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The Honolulu Advertiser
Posted on: Sunday, March 14, 2010

Wireless 'backhaul' saves carriers from data crunch

By Kelly Riddell and Amy Thomson
Bloomberg News Service

WASHINGTON IPhone users coping with jams on AT&T Inc.'s network may get some relief from an unexpected quarter: cable companies.

Time Warner Cable Inc., the biggest pay-television provider in New York City, is pitching phone companies including AT&T and Verizon Wireless on a service that uses its underground cables to carry mobile calls and Web downloads easing the congestion spurred by data-hungry users of smartphones like the iPhone.

The service, known in the industry as wireless backhaul, has become Time Warner Cable's fastest-growing business after revenue tripled last year, said Craig Collins, senior vice president of business services. Across the cable industry, sales from wireless carriers may reach about $3.6 billion in 2012, according to researcher GeoResults Inc.

"Backhaul is a growth play that we are pursuing aggressively," Collins said. "These mobile players want to get the bandwidth they need at a cost-effective price and our structure allows them to get that pretty seamlessly."

U.S. smartphone use has grown almost 700 percent in four years, according to the U.S. Federal Communications Commission. Mobile-data volume is more than doubling annually as people use devices like the iPhone, BlackBerry and Google Inc.'s new Nexus One to send photos, watch videos and surf the Web. When networks jam, consumers face dropped calls and may find they can't access Web pages or TV, analysts said.

"Backhaul is the first line of defense in addressing the capacity pressures on wireless networks," said Craig Moffett, a Sanford C. Bernstein & Co. analyst in New York who has followed the telecommunications industry for more than two decades.

Apple's iPhone eats twice the capacity of other smartphones, straining AT&T's network, according to Bernstein. Network clogs are particularly heavy in major cities, and AT&T wireless chief Ralph de la Vega mentioned in December that New York and San Francisco are particular trouble spots.

Time Warner Cable has backhaul lines in place to serve New York, and Comcast is the major cable company in the Bay Area. Philadelphia-based Comcast, the largest U.S. cable operator, expects backhaul to become a $1 billion business over time, according to a Feb. 3 conference call.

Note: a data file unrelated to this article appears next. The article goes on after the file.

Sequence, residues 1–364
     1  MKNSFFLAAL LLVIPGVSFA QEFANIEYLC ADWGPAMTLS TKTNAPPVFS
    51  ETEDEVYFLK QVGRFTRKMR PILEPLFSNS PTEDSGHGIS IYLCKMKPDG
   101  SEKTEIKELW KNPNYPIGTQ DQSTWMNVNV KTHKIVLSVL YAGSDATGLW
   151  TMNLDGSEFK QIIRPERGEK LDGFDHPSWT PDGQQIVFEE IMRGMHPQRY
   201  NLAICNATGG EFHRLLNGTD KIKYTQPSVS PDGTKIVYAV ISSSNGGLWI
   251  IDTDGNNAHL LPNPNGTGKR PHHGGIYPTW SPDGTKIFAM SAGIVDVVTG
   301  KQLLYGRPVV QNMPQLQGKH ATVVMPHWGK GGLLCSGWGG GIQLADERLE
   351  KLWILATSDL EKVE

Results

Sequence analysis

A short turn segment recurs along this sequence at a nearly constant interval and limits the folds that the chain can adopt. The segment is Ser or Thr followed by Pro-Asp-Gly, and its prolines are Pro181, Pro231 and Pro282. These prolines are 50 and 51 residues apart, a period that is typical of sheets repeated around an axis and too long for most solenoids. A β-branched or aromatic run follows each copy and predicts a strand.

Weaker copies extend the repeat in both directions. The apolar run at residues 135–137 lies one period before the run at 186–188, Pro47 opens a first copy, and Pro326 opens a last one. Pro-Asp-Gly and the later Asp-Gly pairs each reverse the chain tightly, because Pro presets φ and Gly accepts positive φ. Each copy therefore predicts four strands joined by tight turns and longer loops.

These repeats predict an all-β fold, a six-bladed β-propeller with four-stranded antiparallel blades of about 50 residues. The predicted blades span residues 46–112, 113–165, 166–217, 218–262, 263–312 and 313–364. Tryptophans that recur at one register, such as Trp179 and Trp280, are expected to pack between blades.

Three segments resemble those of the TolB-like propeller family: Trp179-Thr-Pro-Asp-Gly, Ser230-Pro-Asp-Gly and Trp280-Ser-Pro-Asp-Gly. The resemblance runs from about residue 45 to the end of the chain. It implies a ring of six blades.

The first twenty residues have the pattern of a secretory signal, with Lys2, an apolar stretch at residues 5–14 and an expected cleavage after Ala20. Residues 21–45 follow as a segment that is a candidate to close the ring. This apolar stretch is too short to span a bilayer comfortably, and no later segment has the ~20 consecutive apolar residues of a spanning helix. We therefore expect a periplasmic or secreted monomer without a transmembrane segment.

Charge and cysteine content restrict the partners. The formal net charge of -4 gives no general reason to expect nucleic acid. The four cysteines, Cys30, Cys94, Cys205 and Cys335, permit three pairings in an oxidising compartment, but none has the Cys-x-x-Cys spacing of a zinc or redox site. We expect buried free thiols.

Charlie Douglas, a Comcast spokesman, would not comment. AT&T spokesman Michael Coe would not comment on its backhaul providers.

While Time Warner Cable would not specify if AT&T, the lone U.S. carrier for the iPhone, is a customer, the New York-based cable company says it wants to sign carriers large and small. Chief Executive Officer Glenn Britt alluded to AT&T's extra iPhone traffic in a December conference call.

"They want to get that into a cable as fast as they can," Britt said, referring to overloads. His company began leasing backhaul in 2008 and posted $26 million in sales last year, less than 1 percent of the company's total sales. Collins declined to give a forecast for 2010.

When mobile-phone calls are made, a signal is sent over radio waves to an antenna, usually mounted on a rooftop or cell tower. The backhaul system pulls the signal from the antenna into the carrier's wired network. During periods of high usage, carriers can add capacity by adding lines to their own backhaul pipes or leasing others.

Backhaul alone can't solve the crunch. While leasing extra lines helps once mobile signals enter the physical network, there still can be congestion when the signal is in the air, traveling from tower to tower. To that end, carriers have urged the FCC to allocate more airwaves that carry calls and data requests before they reach the antenna.

Carriers may be reluctant to use cable backhaul because it's relatively new, with limited connectivity to cell sites. Phone companies provide some backhaul to other carriers as well, leasing lines in some cities. Plus, they may not want to give too much business to cable companies, their rivals in TV and high-speed Internet access for homes and businesses.

"Cable companies will be tasked with serving what is a direct competitor, and as they look at their own cellular operations, there's bound to be some complications," said Ian Olgeirson, an industry analyst with SNL Kagan.

Still, using cable pipes is probably more cost effective for mobile carriers than adding more backhaul lines to their own networks, said Andrew Fuertes, a senior analyst at Visant Strategies based in New York.

Backhaul leasing prices vary for each carrier depending on the city and can range from a few hundred dollars to more than $1,000 a month for each cell tower. The prices are reasonable and cheaper than carriers investing billions to build out networks themselves, Fuertes said.

"Wireless backhaul is a critical, critical component to our overall service," said Tony Melone, chief technology officer at Verizon Wireless. "Given the backhaul needs of wireless carriers, there's a lot more interest from companies to try to meet that need."

Cox Communications Inc., the third largest U.S. cable company, pioneered backhaul for the industry, selling unused capacity to carriers more than a decade ago.

Cox inked $100 million in contracts last year.